The proposed Shetland wave farm could expand from 10 megaWatts to over 100MW after eight years of operation if energy company Vattenfall’s plans come to fruition.
The latest details of the Aegir Wave Power project were highlighted at this week’s RenewableUK conference and exhibition in Manchester by Vattenfall’s ocean energy programme manager for the UK and Ireland, Harvey Appelbe.
The wave farm is still in the first of three phases. Phase Two from 2015 could see an array of up to 14 Pelamis machines generating 10 megaWatts at a cost of around £60 million. That would be followed by expansion in Phase Three up to 40MW until 2023 when “commercialisation” would take place, ramping up production to 100MW or more.
Mr Appelbe revealed that the Pelamis P2 machine might be upgraded from four-metre diameter capsules to five-metre, potentially increasing its capacity from the current rating of 750 kiloWatts.
The Aegir project is entirely dependent on the Viking Energy windfarm going ahead and bringing about a 600MW interconnector to the Scottish mainland. With the Viking windfarm now only rated up to an absolute maximum of 457MW there would be around 150MW of spare capacity for ventures like Aegir and other proposed small wind, wave and tidal farms.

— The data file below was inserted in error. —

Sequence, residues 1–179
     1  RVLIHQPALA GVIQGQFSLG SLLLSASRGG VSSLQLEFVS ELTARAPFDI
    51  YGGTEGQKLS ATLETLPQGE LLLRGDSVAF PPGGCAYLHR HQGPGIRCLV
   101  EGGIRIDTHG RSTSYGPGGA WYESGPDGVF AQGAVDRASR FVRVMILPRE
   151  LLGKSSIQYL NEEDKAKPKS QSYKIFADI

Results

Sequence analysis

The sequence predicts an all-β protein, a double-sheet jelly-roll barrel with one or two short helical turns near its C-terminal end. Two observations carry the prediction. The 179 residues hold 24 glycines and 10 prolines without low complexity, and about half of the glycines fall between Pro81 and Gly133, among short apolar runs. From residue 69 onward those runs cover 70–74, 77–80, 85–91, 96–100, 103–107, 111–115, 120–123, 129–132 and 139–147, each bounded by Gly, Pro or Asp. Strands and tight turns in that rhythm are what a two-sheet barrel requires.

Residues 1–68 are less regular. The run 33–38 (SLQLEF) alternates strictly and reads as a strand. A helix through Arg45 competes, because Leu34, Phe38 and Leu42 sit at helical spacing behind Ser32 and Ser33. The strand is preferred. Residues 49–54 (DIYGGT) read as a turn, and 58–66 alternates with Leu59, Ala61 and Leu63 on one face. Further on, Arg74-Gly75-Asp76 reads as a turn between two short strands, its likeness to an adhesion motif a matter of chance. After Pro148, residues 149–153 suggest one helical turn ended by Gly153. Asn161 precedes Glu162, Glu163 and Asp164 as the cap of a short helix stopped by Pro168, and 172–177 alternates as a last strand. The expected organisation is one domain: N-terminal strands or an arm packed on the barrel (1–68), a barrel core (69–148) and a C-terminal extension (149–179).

Mr Appelbe explained to delegates why Vattenfall and partner Pelamis favoured Shetland. Among the reasons, apart from its remorseless wave energy, was the “forward-looking” community and its experience in coping with large industrial developments.
Meanwhile, Pelamis co-founder Richard Yemm has said wavepower from Pelamis could turn out to be “the cheapest source of power from any sector ever” if its projects around Scotland with big power companies are successful. In addition to the Shetland joint-venture with Vattenfall it is involved in providing machines for possible 50MW wavefarms off Orkney for both Scottish Power Renewables and E.ON.